Stop Messaging, Start Making Meaning: The Secrets of Growth CMOs

*Reposted from Lisa Nirell’s article in Capitol Communicator

Has your inbox felt like a junk box this week? Mine certainly has.

Many retailers, lenders and hospitality companies are dispensing pablum. Every message sounds identical: “We know it is a difficult time, and we are here for you.”

Every CMO and PR professional behind this insipid messaging needs to re-examine where they are expending their energy. It’s time to stop creating “me too” messaging and start making something meaningful.

As I connect daily with the hundreds of CMOs and business owners in our community, I’m seeing a schism between marketing “order takers” and growth champions. Here’s how they differ:

Order takers focus on canned communications. Growth champions focus on conversations.

One of my CMO clients markets technology solutions to nonprofits and schools. Their customers are freezing budgets and facing immense financial stress. Her company shifted their incentives for their business development reps (BDRs) from number of product demos booked to the number of meaningful conversations and thought leadership exchanged. They put the pause button on lead generation metrics. Those customers will remember how you made them feel when the recovery begins—and it will.

Defy the norm, team up with Sales, and engage in conversations. Stop hiding behind online surveys, overly-protective sales reps, and email campaigns.

Order takers live in “future fear.” Growth champions fuel focus.

In addition to focusing on business continuity, you have another important job right now: to help your teams remain calm, healthy, safe and engaged.

Most networks are fomenting fear for things beyond our control. The news is repetitive, and it’s not breaking! One of my clients became paralyzed by the sheer possibility that COVID-19 may surge again in the Fall.

Be bold. Ask your teams to turn off the 24 x 7 newsfeed. Briefly check the news twice daily and channel your energy towards something you can control: delivering your expertise and value.

Eckhardt Tolle addresses this topic brilliantly in this YouTube video. I encourage you and your team to watch this video. His wise words helped me let go of some fear. I can now replace it with present moment focus, and on things I can control.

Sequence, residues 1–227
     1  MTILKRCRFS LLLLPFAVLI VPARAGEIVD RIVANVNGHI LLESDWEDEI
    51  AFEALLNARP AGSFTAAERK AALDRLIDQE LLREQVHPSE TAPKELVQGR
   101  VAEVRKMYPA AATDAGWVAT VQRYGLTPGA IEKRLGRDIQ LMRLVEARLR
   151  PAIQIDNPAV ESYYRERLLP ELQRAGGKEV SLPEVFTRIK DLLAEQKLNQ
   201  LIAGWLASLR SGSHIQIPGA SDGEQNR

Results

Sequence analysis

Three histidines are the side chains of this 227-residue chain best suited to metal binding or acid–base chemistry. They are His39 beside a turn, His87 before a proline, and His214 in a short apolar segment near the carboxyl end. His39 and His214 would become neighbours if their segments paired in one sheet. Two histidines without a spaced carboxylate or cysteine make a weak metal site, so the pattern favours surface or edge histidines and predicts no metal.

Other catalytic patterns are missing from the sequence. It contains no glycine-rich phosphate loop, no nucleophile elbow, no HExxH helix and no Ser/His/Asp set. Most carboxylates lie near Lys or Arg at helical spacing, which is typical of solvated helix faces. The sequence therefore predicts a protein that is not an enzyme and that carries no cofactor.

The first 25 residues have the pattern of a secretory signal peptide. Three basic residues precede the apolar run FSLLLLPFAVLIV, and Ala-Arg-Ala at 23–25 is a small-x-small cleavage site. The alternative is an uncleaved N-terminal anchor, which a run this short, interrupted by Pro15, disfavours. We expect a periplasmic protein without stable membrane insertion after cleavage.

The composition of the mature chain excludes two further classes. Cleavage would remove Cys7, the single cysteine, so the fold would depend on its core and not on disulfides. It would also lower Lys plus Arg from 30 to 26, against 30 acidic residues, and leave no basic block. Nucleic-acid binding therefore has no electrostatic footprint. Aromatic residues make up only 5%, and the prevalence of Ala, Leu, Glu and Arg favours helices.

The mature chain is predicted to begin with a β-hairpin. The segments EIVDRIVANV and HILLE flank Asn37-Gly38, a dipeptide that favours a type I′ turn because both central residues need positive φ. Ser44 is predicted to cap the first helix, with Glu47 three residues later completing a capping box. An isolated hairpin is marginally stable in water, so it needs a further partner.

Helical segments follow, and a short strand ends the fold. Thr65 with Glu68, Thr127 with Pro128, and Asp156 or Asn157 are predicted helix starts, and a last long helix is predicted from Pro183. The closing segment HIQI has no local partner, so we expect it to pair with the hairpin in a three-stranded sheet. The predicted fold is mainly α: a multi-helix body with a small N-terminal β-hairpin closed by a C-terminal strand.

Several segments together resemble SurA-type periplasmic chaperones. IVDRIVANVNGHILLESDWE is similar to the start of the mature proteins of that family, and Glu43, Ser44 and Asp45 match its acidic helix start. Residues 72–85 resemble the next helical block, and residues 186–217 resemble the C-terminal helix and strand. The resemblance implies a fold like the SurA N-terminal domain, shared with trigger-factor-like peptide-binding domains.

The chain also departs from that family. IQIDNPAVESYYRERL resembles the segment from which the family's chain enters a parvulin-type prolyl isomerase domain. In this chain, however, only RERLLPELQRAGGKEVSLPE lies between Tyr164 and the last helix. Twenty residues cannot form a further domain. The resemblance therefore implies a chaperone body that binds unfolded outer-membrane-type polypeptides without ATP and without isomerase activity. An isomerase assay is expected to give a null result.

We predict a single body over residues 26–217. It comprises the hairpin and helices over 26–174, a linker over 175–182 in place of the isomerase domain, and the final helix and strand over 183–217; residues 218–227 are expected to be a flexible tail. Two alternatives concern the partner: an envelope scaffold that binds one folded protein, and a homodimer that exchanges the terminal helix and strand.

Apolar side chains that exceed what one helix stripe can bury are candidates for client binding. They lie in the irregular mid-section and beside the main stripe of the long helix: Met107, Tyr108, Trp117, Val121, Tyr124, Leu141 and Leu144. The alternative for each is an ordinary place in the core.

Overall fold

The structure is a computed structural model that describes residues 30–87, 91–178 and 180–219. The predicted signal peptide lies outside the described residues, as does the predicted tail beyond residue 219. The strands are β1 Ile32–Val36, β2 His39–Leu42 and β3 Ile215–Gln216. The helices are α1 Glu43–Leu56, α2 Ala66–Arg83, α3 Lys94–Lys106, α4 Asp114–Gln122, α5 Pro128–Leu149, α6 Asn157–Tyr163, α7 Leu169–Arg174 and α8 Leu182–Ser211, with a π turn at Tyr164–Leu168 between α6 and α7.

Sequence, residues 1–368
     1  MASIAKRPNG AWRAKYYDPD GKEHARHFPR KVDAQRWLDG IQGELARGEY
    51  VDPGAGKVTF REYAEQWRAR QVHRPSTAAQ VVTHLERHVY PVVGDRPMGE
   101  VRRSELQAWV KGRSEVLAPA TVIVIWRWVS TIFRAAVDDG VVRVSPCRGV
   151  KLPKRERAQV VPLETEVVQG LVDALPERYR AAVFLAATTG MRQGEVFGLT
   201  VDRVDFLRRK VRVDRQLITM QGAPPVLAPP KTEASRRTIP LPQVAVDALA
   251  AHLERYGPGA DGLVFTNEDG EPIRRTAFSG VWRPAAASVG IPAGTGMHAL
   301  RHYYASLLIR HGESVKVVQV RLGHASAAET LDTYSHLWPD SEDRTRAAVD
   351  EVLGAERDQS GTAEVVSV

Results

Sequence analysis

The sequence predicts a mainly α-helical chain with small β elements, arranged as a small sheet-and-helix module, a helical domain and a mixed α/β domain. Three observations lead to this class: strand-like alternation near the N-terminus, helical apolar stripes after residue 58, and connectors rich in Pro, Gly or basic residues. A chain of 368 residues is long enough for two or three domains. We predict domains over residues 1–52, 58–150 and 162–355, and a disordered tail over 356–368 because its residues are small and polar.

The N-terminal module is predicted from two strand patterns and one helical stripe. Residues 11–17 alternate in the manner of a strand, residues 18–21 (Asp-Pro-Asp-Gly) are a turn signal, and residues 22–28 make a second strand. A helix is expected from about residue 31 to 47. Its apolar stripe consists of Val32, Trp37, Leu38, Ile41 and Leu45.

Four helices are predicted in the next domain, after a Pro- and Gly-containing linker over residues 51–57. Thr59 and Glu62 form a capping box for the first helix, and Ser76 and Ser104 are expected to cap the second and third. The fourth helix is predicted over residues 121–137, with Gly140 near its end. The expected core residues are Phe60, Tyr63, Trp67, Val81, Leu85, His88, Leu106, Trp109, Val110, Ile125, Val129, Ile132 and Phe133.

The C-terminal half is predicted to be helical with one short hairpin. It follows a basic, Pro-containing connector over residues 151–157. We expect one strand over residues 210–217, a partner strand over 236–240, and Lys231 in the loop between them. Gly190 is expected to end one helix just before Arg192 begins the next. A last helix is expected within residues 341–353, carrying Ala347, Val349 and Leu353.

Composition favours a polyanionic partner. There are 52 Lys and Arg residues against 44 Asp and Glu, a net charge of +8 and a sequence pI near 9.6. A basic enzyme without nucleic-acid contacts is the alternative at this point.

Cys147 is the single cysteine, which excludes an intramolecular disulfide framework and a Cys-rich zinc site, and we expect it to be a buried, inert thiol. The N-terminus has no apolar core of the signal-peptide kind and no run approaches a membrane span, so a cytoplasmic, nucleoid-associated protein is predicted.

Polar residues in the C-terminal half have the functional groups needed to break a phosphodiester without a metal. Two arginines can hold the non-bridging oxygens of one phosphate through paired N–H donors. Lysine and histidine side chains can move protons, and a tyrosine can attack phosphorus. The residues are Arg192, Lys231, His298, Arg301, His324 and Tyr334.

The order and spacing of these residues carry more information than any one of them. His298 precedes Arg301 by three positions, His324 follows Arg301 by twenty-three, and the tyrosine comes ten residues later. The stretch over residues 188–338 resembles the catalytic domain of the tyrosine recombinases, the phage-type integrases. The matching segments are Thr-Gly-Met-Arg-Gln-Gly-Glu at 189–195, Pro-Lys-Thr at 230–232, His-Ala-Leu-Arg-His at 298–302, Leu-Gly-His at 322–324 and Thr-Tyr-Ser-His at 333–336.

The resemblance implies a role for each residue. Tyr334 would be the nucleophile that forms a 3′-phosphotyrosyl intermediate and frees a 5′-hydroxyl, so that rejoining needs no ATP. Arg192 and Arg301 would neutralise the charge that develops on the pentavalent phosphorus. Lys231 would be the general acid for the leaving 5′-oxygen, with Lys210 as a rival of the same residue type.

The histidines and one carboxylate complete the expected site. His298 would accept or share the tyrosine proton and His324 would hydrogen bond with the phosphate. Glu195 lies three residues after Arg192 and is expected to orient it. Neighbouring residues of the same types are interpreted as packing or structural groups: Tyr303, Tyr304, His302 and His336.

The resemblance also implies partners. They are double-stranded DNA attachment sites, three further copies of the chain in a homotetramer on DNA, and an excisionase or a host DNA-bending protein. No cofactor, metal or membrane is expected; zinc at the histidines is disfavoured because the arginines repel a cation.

Order takers measure volume. Growth champions measure value.

Some branding and marketing leaders are still relying too heavily on vanity metrics. In my latest book, The Mindful Marketer, I outline the risks associated with these output-centered measures. They are temporary and seldom link to a business continuity model.

For the time being, nobody cares how many new Instagram followers you secured.

This is a great time to take stock of how you communicate with stakeholders on the value you are delivering, not volume. Be willing to report on new, short-term metrics, such as customer retention and online engagement. Stay agile as we navigate unchartered economic waters–and be willing to adjust those incentives and metrics every 2-4 weeks.

Downplay highlights on tactical issues, such as a logo design, Twitter campaigns, website updates, or virtual events. They can be reported on a “need-to-know” basis or in an email summary.

One of our CMO clients in Northern VA has witnessed a significant increase in retention of their top people by adjusting bonuses and priorities to these new market dynamics—and their double-digit revenue growth and strong NPS scores reflect that.

Order takers are specialists. Growth champions are strategists.

During these unprecedented times, we can either dig in our heels and narrow our focus on our specialty areas. Or, we can be open to seeking out new opportunities to serve.

Dive into your customer’s world and be open to designing new solutions and advisory services to address their short-term needs. Chances are that they face at least one of these three challenges:

  • Pressure to find innovative ways to retain their top customers and top line revenue
  • Retaining top talent by increasing engagement and reducing stress
  • Rapidly changing their strategy to adapt to new market and human interactions, such as populism, recession fears, and government interventions

My top clients are joining forces with Sales and Customer Support to reach their top accounts, partners, and scheduling live discussions. Your customers have time on their hands. The two most powerful questions you can ask are:

  • What is the biggest challenge you’re facing?
  • What can I do to help?

If your customer replies with “I don’t know, what can you suggest?” be generous with your time. Ask great questions and offer recommendations.

If customers say something that surprises you, stay in the moment. When it makes sense, offer other resources outside of what your company offers. Make introductions.

By keeping these discussions strategic, you will discover that some customers were unaware of the full spectrum of value you can offer. You’re earning the right to spend time with the economic buyers, not the tire-kickers or evaluators, and be viewed as a trusted source.

Our organizations need more growth champions right now. Armed with a new mindset and meaningful actions, you can clean out the clutter—not only in your inbox, but in your customer’s.

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